This particular Christmas present to the poor is entirely consistent with the 'New' Labour approach since it came to office. In 1997, the Christmas gift to the poor was a cut in lone parent benefit and the stigmatising of single parents as ministers seemed to come up with a re-tread of the Conservative 'Back to Basics' campaign. Women, some of them with little education or training, were somehow to be miraculously spirited into jobs which paid enough to cover their child care costs. Of course the real outcome was to be that most of these women would remain outside the labour market but on lower benefits.

In between that event and the recent farrago over rough sleepers we have seen other assaults on some of the most vulnerable members of society. Means testing of living allowances to the disabled was a particularly nasty idea which would only save peanuts, in terms of public spending, anyway. In fact in forcing some disabled people out their own homes and into institutional care it may end up costing more.

We have also seen the government's offensive against asylum seekers. The 1999 Immigration and Asylum Act, amongst other things, reduced the opportunities for appeal, replaced cash payments with food vouchers from which no change can be given (a real gift for the supermarkets) and the dispersal of asylum seekers around the country, sometimes to areas where they face verbal and physical abuse.

Worse than these legal measures, however, is the propaganda war waged by ministers against asylum seekers, particularly in the widespread use of the term 'bogus'. Ministers from a party which produced the British Nationality Act in 1948, a liberal immigration measure, have found themselves competing with the Tories and even the ultra-right to make critical comments about people fleeing persecution, torture and war. The increase in asylum applications is (to some degree) the price we are paying for the end of the Cold War and the collapse of communism and the instability and conflict that this has brought to large sections of the globe. From 1989 onwards it was obvious that the fall of the Berlin Wall and the breakdown of the old political, economic and social structures in the East would bring people West; there was no way around that. In fact Germany has received far more asylum applications than Britain.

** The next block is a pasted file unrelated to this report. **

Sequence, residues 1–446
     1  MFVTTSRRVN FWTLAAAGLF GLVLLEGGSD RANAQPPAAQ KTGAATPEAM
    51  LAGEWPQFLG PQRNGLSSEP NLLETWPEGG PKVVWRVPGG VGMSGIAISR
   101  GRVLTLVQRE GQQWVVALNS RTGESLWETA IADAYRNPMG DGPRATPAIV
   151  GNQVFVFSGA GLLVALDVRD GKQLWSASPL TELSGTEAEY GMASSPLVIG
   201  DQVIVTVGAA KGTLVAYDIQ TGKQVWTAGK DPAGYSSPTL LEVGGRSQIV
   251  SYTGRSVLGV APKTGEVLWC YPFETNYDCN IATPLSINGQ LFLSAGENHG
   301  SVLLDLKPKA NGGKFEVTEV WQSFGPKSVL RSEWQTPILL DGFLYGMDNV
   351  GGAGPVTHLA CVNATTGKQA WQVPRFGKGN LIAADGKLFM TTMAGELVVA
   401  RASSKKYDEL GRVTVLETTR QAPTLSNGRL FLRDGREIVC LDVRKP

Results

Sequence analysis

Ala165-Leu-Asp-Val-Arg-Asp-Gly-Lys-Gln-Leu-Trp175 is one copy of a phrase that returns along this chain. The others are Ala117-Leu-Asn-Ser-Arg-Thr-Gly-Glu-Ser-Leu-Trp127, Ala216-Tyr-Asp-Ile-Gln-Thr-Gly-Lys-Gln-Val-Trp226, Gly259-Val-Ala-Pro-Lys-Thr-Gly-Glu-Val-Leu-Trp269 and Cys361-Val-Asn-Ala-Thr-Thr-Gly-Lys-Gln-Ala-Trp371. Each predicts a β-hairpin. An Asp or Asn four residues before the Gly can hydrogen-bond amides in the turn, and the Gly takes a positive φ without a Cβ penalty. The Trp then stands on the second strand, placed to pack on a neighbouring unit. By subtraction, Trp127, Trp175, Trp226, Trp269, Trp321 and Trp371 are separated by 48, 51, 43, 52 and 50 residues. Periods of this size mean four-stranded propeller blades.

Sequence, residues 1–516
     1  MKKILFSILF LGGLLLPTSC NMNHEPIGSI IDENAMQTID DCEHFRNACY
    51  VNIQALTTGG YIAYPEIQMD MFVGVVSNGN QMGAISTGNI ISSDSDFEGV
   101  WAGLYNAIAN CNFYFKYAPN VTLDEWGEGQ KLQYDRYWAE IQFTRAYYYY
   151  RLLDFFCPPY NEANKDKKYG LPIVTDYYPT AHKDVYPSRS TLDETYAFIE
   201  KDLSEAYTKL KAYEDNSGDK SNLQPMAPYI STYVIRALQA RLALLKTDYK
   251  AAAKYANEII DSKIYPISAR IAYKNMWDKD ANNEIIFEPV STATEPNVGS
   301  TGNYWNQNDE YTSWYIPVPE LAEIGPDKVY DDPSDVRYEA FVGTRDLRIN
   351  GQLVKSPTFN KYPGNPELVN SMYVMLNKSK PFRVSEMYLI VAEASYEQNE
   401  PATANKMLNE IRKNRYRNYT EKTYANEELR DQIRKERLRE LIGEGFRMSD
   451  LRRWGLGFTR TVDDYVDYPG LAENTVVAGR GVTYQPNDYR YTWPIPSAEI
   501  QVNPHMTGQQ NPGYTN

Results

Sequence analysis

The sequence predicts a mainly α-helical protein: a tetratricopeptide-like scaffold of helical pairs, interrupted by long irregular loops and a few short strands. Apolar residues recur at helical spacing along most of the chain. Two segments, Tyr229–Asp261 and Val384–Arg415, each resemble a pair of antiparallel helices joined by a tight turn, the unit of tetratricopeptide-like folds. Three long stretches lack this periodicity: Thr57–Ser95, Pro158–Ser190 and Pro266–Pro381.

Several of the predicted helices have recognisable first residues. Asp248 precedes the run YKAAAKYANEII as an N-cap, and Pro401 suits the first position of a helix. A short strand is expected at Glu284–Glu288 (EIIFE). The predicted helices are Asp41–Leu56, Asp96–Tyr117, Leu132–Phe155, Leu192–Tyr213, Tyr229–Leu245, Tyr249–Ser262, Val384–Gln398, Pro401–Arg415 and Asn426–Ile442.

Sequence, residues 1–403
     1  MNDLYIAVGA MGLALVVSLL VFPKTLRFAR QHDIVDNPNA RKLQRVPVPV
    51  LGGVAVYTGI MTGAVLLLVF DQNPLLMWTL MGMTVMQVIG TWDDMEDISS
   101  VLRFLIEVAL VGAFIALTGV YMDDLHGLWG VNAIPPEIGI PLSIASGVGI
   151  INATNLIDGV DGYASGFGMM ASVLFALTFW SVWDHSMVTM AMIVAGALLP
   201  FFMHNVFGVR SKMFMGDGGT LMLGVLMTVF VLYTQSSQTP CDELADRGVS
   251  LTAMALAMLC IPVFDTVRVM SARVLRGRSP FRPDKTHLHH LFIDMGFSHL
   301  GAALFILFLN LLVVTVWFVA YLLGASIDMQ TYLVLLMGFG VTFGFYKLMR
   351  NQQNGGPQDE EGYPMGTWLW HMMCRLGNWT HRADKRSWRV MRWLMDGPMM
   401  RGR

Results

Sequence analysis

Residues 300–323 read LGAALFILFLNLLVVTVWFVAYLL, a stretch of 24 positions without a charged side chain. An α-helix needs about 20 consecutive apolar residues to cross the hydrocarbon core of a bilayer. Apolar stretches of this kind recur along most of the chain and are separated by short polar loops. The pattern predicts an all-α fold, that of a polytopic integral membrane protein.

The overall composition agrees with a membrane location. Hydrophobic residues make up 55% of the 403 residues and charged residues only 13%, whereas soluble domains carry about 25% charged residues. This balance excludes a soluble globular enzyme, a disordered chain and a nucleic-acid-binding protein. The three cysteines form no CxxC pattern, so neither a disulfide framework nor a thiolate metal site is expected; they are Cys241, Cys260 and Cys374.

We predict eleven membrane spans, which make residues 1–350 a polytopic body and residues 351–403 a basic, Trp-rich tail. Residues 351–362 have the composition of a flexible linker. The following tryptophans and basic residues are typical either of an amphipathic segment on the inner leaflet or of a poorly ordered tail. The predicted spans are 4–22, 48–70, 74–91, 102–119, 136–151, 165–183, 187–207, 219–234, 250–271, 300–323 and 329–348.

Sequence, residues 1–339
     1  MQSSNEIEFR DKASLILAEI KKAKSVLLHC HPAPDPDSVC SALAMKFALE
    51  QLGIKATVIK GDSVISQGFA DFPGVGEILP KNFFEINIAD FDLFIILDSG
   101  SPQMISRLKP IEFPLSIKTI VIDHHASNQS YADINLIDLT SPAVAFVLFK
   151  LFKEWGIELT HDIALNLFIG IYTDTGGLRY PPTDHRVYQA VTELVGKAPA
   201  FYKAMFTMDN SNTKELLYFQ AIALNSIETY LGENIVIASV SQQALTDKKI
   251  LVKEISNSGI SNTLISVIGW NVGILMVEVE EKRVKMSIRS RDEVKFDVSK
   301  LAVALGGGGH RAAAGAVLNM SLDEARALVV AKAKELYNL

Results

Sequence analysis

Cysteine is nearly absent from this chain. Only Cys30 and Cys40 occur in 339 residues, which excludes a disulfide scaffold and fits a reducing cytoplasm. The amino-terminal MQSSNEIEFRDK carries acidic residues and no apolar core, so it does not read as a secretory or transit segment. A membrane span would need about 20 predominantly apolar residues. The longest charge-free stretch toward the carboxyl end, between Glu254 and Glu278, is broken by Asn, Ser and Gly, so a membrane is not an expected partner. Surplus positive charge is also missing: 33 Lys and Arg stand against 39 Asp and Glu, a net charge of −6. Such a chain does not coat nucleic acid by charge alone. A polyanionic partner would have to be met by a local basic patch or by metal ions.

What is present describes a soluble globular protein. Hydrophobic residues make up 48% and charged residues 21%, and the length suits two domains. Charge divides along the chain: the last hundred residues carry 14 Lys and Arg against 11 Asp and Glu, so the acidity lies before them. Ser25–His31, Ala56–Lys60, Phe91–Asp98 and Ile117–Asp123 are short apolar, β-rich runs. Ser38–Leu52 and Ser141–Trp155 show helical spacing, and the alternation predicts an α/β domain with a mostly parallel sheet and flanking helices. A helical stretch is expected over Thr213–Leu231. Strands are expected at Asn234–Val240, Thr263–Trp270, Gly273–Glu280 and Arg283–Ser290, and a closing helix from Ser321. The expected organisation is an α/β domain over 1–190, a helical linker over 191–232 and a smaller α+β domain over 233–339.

People who have been uprooted by the turbulence of the last ten years, people, often torn from home and family and forced to exist in an alien environment, whose language and culture are strange to them, find themselves being used as political footballs by both major parties. Philip Gould's focus groups find that asylum seekers are unpopular with many people; this is then translated into hostile speeches by ministers which, in turn, translate into articles in the tabloid press which influence public opinion. A vicious cycle which ministers make no attempt to break.

What we have seen, only too clearly, is that 'New' Labour targets the weak, the powerless, the poor, the voiceless and the marginalised. What we do not see is any significant action against the powerful and the wealthy. On the contrary, the Labour Conference becomes a lovefest between 'New' Labour in power and corporate Britain. The government seems obsessed with just the same neo-liberal agenda of privatisation and the belief that the inequalities in society are not only justifiable but actually desirable. The government is like a playground bully who only attacks the people who cannot fight back.

Tony Blair recently declared the 'class war' to be over. Of course the class war will only be over when the rich and powerful stop waging it on ordinary people, including those who are worst off to start with.